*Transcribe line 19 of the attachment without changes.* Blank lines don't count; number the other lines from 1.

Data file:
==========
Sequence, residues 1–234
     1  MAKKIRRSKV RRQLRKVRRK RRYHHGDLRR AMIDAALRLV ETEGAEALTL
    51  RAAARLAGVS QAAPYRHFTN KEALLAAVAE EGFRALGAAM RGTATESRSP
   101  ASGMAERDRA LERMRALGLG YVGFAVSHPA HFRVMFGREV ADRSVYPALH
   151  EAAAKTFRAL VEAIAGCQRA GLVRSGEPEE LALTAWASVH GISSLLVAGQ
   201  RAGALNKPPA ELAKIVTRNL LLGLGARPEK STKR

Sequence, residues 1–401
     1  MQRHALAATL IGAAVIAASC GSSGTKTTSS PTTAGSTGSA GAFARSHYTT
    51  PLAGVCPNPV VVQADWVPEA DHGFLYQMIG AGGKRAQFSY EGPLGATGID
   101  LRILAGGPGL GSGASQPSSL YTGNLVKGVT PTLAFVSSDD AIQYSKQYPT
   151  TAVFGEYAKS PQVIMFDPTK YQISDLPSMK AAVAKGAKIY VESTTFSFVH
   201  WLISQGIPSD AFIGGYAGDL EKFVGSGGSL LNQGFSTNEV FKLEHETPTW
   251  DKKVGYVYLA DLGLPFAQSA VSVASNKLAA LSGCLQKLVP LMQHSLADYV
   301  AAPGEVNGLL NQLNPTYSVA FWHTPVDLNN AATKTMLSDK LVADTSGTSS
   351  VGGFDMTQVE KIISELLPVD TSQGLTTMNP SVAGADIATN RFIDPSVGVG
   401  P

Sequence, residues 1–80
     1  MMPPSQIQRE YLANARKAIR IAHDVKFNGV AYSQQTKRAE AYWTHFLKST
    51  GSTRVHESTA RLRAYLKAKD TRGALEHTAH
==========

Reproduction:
    51  GSTRVHESTA RLRAYLKAKD TRGALEHTAH